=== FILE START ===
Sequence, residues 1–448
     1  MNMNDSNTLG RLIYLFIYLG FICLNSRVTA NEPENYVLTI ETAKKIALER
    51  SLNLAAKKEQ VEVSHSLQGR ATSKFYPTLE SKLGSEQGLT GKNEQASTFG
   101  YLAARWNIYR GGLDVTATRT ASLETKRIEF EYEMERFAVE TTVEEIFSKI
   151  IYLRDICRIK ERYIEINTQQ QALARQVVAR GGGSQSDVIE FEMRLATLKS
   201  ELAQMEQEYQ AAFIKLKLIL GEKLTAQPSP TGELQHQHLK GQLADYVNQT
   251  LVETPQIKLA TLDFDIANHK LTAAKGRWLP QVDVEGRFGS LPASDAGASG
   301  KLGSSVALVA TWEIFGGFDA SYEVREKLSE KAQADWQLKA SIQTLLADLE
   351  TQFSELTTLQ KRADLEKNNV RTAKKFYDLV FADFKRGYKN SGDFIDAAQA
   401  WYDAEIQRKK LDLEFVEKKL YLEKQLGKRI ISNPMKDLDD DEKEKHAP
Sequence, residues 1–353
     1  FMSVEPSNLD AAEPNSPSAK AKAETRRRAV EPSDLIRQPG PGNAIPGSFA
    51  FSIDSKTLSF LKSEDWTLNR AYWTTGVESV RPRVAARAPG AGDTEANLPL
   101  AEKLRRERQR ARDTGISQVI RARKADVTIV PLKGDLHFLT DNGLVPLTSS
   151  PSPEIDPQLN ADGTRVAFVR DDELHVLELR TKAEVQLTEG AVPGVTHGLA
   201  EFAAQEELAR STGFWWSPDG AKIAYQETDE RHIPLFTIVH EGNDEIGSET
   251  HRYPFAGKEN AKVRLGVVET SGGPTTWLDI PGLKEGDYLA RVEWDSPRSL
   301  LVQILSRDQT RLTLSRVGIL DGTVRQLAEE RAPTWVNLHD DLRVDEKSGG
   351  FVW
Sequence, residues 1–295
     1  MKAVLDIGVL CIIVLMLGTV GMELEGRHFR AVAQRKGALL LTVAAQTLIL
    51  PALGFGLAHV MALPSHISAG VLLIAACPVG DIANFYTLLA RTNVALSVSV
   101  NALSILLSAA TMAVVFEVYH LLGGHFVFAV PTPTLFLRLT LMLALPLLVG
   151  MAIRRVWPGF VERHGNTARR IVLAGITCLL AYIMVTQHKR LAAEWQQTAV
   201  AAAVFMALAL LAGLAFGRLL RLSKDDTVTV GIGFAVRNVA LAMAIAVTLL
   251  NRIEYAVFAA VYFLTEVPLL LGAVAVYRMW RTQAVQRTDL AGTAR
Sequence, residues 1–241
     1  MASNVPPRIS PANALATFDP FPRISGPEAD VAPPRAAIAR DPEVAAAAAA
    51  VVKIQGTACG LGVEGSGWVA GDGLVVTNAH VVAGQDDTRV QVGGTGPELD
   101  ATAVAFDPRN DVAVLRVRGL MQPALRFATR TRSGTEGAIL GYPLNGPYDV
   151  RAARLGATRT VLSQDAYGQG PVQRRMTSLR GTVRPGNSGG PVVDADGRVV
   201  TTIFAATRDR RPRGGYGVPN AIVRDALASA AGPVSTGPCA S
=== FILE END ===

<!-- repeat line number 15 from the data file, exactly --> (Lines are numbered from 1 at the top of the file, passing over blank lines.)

   151  PSPEIDPQLN ADGTRVAFVR DDELHVLELR TKAEVQLTEG AVPGVTHGLA